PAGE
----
Though many of us talk about developing a Jewish identity, what does that really mean? To me, Jewish identity includes what we do Jewishly, what we believe, how we practice Judaism in our homes and with our families, and to what Jewish organizations we belong. Jewish identity is also expressed to ourselves and to others by what we wear, what we read, whether we have Judaica in our homes and what these pieces look like. It can even mean whether we choose to give a Jewish gift for a bar or bat mitzvah or a wedding. In this space in the months to come, I will introduce you to some of the artists and designers who create Judaica and Jewish gifts that speak to us and help us express and build our own Jewish identities, and proudly share them with the world.
Aimee Golant is a sixth generation metalsmith who works out of San Francisco, Calif. She has won many honors: The Jewish Museum of New York acquired one of her evocative mezuzahs for its permanent collection and her Barbed Wire Mezuzah travelled into space on the Space Shuttles Columbia and Atlantis. Aimee has created Judaica to benefit Darfur, Sharsheret, the Paper Clips Project, and more. She teaches at several educational institutions in San Francisco, where she lives with her husband and son.
Q: You’ve been making Judaica since the beginning of your career as a metalsmith. Why did you choose to use your skills to make Jewish ritual items?
A: In early 1993, I was a sophomore at San Francisco State University in my second semester of Metal Art and Jewelry. The professor, Dawn Nakanishi, gave us an assignment to use the hydraulic press. I designed three lockets: one with a peace-sign surrounded by petals, the next with a heart, and the third with a Jewish star encircled by barbed wire.
I showed my designs to my professor who became both puzzled and concerned.
"I want you to express yourself without using a cliché,” she said. Just like that, she rejected my project and encouraged me to dig deeper.
My grandfather is a Holocaust survivor and, along with most every male relative on that side of the family, was a machinist and tool and die maker. They owned a factory in Poland before the war, which built machines that made candles. I learned about my grandparents’ experience in the Holocaust while he taught me to work with metal.
Also at this time, I was taking a class called Holocaust and Genocide where I learned about the Holocaust. I went straight from that class to my metals class several times a week.
With the Holocaust, my grandfather’s legacy as a machinist, and desire to express peace and love without forgetting the bitterness of the Holocaust, the idea of making mezuzot materialized. I created my first die to make three different mezuzot. They had images of flames, jail bars, decay, and pointed barbed wire. I had many intense moments of tears and revelation.
Q. Do you find that non-Jews appreciate your work and get what you are doing?
A: When I finished the first set of mezuzot, I presented them to my class, telling them I loved using the metal in such a meaningful and permanent way; and by making mezuzot, I was preserving a tradition. "But," I asked, "how could there be a G-d when something like the Holocaust happens?" I burst into tears. I knew, in that moment, that this was my first true expression of art. Making Judaica gave me a sense that I could preserve tradition that could have been lost, had Hitler been successful in his endeavors. Before this, nothing had given me such intense meaning in my life.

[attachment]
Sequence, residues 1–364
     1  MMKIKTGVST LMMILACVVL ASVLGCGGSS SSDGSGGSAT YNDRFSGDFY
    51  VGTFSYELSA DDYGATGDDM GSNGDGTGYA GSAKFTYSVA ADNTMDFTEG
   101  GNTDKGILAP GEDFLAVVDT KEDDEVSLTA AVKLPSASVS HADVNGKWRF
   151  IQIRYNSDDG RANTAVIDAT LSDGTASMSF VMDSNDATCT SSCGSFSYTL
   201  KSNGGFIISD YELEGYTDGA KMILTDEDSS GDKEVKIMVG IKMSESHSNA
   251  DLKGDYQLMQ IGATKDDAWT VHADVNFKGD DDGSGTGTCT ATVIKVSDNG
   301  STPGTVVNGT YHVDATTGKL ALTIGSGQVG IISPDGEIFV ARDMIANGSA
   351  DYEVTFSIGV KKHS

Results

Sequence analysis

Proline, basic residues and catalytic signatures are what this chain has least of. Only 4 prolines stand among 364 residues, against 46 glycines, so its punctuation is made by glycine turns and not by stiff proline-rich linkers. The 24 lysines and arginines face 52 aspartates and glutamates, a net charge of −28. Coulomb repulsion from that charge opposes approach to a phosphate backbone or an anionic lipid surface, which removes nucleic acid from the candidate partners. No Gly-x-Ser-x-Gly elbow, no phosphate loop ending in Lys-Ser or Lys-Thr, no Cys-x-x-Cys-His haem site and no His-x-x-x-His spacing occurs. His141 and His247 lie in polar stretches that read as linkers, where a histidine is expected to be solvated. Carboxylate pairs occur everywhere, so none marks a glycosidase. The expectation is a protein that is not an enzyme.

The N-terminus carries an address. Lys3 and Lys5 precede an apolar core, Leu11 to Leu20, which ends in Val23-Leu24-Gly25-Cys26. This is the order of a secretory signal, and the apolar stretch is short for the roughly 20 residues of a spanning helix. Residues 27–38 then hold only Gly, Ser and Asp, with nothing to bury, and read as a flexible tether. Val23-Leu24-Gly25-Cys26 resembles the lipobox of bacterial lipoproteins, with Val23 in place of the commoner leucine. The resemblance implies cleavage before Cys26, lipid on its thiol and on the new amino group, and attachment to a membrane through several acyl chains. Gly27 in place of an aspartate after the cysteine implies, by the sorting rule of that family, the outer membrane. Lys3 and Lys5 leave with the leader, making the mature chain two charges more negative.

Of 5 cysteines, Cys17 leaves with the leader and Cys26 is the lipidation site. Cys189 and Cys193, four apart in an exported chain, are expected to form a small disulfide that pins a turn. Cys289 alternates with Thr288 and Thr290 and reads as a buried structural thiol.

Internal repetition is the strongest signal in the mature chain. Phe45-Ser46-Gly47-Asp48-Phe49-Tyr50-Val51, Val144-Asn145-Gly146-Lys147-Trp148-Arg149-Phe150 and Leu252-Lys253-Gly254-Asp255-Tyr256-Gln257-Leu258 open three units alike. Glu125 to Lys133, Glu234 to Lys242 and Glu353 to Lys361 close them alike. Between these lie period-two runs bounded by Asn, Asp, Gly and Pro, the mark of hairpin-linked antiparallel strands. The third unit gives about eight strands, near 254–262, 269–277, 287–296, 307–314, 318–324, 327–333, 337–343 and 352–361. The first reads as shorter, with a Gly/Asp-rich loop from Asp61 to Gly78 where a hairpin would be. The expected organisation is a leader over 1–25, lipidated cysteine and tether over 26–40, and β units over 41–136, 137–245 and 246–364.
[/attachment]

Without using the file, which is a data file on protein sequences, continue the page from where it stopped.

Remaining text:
Now, my favorite question from the customers I meet at art shows is: What is a mezuzah? This question gives me the opportunity to share meaningful Jewish teachings with the world. The mezuzah has a universal message, and when I sell a mezuzah to a non-Jew, I feel I have just brought peace on Earth! To give of ourselves, as Jews, is one thing we don’t do often enough; the outside world doesn’t know who we are. Those words in that mezuzah, Jesus taught that. You don’t have to convert to have a mezuzah.
Q: Where do you look for inspiration for new work?
A: I usually don't look for inspiration. I’m struck by it. Sometimes, looking at antique Judaica makes me think of my own. Sometimes, when designing mezuzot, architecture is important. Many times, one piece leads to another: I will make one, then all these possibilities open up in my head as to how I can make related pieces. So far, I am full of ideas. Getting the time and means to make the pieces is more of a challenge. I may have some designs sitting in my sketchbook for years. But usually, if a new piece is drawn out and it feels right, and I have the time, (now that I am a mom, this is even more challenging) I will start on it right away.
Q: I love that you work mostly not in sterling silver which is expensive and tarnishes. How did you choose to work with metal alternatives to silver for your Judaica?
A: First of all, I love the warm look of copper. I made the crown for the Woman's Torah Project Torah out of copper to convey warmth instead wealth, which I feel is conveyed by silver. I also adore physically working with copper, along with bits of gold and silver, as it helps contrast, both visually and economically, with the more expensive metals.
Q. What’s next for you?
A: I’m working on more wearable pieces, more jewelry, maybe a series of Stars of David.
Selected pieces of Aimee's are available at http://www.ModernTribe.com. You can see the full line of Aimee Golant’s work on her website: http://www.aimeegolant.com.